Cisco WAP Upgrading Shenanigans

16 10 2012

Had a situation with the 1250 Wireless Access Points in my office recently.

These have worked pretty much flawlessly since install, but recently we’d had issues with connectivity from an iPad 3 (specifically, a 4G model with 64GB storage – I’ve read about similar issues on forums that seemed to be manifesting themselves in iPads of a specific spec, but the issues weren’t the same as this).

Symptoms were that the device would stay connected to the WAPs for no more than around 10 minutes at a time – the WLAN had to be forgotten on the device, and then reconnected, and the same thing would happen again after 10 minutes.

Obtained the latest IOS for the device, and upgraded via HTTP using the web GUI – first mistake. On my models at least, it’s better to set up a TFTP server to retrieve the images from. I have an install of TFTPd32 which is infinitely useful in these sorts of circumstances.

First problem was that the install process seemed to take an incredibly long time – despite a pop-up window that loads saying that it’ll take between 5-15 minutes, the timer was still actually going 900+ minutes later (the next morning, by which time I’d obviously noticed something was awry!).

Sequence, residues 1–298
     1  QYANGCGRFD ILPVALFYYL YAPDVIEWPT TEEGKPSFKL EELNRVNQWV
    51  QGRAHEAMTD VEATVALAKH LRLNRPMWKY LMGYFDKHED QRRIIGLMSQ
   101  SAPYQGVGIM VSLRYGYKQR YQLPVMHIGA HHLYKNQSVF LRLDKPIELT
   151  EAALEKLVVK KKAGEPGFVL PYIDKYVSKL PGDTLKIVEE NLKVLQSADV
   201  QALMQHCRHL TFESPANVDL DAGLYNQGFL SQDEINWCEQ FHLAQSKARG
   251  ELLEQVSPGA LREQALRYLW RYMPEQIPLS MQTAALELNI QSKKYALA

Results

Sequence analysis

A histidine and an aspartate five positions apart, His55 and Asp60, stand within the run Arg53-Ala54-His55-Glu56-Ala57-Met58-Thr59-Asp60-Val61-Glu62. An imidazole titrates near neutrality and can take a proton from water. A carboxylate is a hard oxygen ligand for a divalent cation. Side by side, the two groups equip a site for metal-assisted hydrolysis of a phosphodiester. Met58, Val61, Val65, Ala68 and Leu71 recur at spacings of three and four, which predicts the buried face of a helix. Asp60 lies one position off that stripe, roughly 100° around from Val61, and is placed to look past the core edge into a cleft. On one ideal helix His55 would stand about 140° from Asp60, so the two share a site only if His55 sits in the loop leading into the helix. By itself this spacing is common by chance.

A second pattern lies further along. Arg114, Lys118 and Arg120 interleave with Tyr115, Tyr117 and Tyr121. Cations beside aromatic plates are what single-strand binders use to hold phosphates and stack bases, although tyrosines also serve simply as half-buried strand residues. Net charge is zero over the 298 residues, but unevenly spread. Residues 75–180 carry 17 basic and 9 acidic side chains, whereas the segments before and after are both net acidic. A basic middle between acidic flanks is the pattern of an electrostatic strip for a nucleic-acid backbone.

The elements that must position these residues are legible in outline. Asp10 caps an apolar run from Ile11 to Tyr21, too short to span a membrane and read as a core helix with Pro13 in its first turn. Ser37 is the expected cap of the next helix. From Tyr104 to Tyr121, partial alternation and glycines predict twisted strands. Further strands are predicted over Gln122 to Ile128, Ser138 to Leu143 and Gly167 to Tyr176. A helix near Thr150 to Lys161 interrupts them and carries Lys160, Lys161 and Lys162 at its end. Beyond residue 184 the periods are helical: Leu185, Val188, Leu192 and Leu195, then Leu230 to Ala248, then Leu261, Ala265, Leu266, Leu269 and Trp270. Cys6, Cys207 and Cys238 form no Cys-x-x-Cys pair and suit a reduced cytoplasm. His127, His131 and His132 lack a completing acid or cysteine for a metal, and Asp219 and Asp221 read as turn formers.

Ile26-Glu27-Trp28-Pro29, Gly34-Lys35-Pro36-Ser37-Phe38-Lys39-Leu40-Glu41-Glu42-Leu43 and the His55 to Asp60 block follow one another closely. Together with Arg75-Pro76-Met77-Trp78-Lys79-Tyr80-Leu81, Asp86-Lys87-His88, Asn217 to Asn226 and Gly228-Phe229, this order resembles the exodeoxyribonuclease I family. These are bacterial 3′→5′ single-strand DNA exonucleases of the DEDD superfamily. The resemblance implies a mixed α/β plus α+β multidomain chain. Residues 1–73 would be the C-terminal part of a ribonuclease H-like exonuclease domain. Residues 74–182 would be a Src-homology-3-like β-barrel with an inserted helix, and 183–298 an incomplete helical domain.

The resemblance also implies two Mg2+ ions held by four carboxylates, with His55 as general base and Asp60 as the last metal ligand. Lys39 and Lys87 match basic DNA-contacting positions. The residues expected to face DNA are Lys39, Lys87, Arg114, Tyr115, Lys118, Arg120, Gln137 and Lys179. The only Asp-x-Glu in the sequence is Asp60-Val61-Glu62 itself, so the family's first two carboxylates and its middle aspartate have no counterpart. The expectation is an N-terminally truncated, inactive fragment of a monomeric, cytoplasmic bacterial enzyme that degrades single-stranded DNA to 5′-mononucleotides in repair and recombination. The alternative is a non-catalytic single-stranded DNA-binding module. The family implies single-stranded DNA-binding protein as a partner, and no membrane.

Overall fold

But I think the actual install caused a reboot after 11 minutes – I noticed this both on my network monitoring and with the continual ping I had going to the device. After it had rebooted the first time, it rebooted every 5-10 minutes after. Telnet / SSH access was possible initially, but after a few boots, it wasn’t possible to connect via any method. It was still wall-mounted at the time, and it was getting late, so I left it until the next day to unmount it from the wall and plug in a console cable.

I found that the upgrade had worked, but I’d used the “lightweight” version of the IOS for the device – I could see log messages saying that the device was searching the local subnet for a Wireless LAN Controller, which we don’t have in our environment. Once it does this for a fixed amount of time, it reboots using the IP address that was configured previously (this is one of the only bits of the config that was retained after the “upgrade”. A lightweight AP can’t be configured locally).

Once I saw reference to the WLC, I figured out what was going on, but prior to that, I thought the device had been “bricked” by the upgrade, and that that was the reason for the continual boot cycling. I obtained the correct IOS image, and used another method to replace the IOS image – holding the “Mode” button for 30 seconds, or until the Radio LED turns red – this process is detailed on the Cisco web site. Once that was done, I was able to restore the backed up configuration, and the device was once again functional.

The second time, I upgraded using the correct image, using the web GUI still, by via TFTP, and the whole process took 4 minutes to complete!

Lessons:

* As new wireless devices are released to market, your Cisco WAPs *will* need upgrading
* Remember that there may be both lightweight and autonomous images for the device – get the correct one
* Take a config backup from the device before upgrading

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